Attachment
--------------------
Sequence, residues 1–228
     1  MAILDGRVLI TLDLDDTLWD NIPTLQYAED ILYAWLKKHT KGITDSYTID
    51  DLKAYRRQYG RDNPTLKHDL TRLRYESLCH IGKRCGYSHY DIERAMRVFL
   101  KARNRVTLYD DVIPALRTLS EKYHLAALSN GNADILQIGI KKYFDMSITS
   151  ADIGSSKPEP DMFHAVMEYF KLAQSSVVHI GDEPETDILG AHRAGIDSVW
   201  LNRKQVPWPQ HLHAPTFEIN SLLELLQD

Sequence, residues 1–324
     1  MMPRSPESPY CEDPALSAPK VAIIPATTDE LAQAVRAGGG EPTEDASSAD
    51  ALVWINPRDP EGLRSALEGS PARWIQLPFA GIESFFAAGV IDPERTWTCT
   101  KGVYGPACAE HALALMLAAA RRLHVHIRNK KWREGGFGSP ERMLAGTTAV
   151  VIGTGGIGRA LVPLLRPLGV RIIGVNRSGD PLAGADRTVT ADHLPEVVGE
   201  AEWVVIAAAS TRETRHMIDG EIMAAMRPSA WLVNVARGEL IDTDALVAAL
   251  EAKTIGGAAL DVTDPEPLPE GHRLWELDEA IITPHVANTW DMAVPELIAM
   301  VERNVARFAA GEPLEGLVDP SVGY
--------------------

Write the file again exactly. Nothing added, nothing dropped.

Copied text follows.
Sequence, residues 1–228
     1  MAILDGRVLI TLDLDDTLWD NIPTLQYAED ILYAWLKKHT KGITDSYTID
    51  DLKAYRRQYG RDNPTLKHDL TRLRYESLCH IGKRCGYSHY DIERAMRVFL
   101  KARNRVTLYD DVIPALRTLS EKYHLAALSN GNADILQIGI KKYFDMSITS
   151  ADIGSSKPEP DMFHAVMEYF KLAQSSVVHI GDEPETDILG AHRAGIDSVW
   201  LNRKQVPWPQ HLHAPTFEIN SLLELLQD

Sequence, residues 1–324
     1  MMPRSPESPY CEDPALSAPK VAIIPATTDE LAQAVRAGGG EPTEDASSAD
    51  ALVWINPRDP EGLRSALEGS PARWIQLPFA GIESFFAAGV IDPERTWTCT
   101  KGVYGPACAE HALALMLAAA RRLHVHIRNK KWREGGFGSP ERMLAGTTAV
   151  VIGTGGIGRA LVPLLRPLGV RIIGVNRSGD PLAGADRTVT ADHLPEVVGE
   201  AEWVVIAAAS TRETRHMIDG EIMAAMRPSA WLVNVARGEL IDTDALVAAL
   251  EAKTIGGAAL DVTDPEPLPE GHRLWELDEA IITPHVANTW DMAVPELIAM
   301  VERNVARFAA GEPLEGLVDP SVGY